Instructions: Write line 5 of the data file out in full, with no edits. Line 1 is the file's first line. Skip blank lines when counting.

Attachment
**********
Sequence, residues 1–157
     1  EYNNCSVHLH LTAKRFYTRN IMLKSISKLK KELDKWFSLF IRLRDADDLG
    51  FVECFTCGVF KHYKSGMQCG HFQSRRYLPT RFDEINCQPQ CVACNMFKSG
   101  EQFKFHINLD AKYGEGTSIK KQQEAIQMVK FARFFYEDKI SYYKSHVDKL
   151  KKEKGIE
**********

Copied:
   151  KKEKGIE